An article published June 21 in the New England Journal of Medicine (NEJM) argues health insurance coverage in the U.S. is, indeed, a boon to wellness and mortality.
The authors of the article, Drs. Benjamin Sommers, Atul Gawande and Katherine Baicker, looked to address claims presented by opponents of the Affordable Care Act (ACA) who say coverage ultimately has little impact on overall wellness and mortality.
“For instance, politicians have recently argued that the number of people with health insurance is not a useful policy metric and that no one dies from a lack of access to health care,” the authors write.
The article was published in the NEJM less than a week before the Congressional Budget Office released its report of Senate Republicans’ health care reform proposal. According to the CBO, some 22 million more would be without insurance by 2026.
According to the article, evidence pointed to greater access to preventative services with the expansion of health coverage, too.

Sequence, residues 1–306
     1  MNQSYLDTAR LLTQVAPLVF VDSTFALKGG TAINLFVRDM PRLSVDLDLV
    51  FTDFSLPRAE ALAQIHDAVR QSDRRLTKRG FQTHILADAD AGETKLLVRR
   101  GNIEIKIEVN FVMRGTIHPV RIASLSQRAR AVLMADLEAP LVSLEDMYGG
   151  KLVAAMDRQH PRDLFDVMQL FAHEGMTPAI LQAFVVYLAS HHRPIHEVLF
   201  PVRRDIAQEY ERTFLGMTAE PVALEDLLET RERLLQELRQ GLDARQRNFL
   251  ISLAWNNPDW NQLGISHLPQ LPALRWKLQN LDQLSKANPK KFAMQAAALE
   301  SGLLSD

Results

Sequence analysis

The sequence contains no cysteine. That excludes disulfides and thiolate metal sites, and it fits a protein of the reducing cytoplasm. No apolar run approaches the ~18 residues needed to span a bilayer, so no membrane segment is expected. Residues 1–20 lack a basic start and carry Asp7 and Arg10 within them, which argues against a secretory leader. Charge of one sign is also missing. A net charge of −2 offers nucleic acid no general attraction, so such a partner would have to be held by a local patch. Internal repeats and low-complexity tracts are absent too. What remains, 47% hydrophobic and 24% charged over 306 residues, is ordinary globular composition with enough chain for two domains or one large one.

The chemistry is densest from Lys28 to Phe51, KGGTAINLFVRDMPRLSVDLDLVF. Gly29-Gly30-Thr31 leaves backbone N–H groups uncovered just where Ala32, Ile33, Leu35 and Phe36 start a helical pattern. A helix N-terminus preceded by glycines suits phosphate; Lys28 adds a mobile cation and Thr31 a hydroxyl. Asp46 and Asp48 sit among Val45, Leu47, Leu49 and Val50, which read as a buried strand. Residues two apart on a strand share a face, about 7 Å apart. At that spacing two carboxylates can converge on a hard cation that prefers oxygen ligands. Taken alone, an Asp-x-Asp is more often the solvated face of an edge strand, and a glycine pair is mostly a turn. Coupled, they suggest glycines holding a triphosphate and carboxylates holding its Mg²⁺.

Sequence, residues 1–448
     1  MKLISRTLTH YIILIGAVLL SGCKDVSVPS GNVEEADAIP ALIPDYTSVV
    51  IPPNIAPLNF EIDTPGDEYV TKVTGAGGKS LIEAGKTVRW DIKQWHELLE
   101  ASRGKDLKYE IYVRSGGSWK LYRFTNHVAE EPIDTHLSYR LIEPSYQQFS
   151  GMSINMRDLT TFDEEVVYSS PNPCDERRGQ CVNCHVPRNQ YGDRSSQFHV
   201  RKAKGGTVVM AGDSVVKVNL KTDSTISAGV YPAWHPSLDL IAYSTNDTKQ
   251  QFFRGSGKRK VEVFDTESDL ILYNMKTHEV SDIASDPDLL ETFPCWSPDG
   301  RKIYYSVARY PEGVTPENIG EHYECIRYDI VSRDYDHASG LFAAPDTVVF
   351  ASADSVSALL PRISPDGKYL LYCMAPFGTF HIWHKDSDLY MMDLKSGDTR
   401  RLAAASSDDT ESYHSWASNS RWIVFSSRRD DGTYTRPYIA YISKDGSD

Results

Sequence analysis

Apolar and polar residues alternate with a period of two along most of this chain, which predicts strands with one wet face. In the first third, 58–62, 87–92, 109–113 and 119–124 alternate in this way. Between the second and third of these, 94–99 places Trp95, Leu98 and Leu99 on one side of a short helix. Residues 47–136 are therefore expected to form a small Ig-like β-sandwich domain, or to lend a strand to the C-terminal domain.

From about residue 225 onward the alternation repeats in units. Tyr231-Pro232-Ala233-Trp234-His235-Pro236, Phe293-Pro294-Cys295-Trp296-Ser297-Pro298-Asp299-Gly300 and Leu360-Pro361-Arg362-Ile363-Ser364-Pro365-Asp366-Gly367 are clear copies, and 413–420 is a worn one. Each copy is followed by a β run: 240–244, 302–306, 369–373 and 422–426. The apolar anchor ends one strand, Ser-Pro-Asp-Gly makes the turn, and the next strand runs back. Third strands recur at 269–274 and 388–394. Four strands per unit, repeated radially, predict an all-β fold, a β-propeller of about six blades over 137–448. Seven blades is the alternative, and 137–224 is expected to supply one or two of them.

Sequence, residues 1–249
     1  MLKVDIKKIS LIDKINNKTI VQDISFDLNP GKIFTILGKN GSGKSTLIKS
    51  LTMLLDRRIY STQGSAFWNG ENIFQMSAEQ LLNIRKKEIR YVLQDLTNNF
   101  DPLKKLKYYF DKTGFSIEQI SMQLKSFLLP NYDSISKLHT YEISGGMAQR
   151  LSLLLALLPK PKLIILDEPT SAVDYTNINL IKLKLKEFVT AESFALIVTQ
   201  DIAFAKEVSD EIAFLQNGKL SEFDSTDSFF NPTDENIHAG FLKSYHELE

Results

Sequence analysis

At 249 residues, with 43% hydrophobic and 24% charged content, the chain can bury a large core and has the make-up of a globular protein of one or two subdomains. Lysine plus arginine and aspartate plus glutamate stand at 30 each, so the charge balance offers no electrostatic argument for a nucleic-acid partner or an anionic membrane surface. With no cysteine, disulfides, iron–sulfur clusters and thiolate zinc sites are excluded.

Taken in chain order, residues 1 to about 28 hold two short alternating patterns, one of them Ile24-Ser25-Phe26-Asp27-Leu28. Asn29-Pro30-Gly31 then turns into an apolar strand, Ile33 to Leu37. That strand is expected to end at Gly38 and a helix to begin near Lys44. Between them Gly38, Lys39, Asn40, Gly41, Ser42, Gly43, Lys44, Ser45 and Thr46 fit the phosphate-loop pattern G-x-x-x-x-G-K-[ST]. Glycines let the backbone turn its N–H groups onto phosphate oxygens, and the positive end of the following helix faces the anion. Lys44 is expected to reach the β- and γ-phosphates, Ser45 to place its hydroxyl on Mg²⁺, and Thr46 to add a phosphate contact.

“Studies of the Massachusetts’ health care reform and the ACA’s Medicaid expansion found higher rates of preventative health care visits, and although the utility of the ‘annual exam’ is uncertain, such visits may facilitate more specific evidence-based screening,” the authors write.
Despite the numerous unanswered questions and problems regarding U.S. health insurance policy, the authors concluded that “arguing that health insurance coverage doesn’t improve health is simply inconsistent with the evidence.”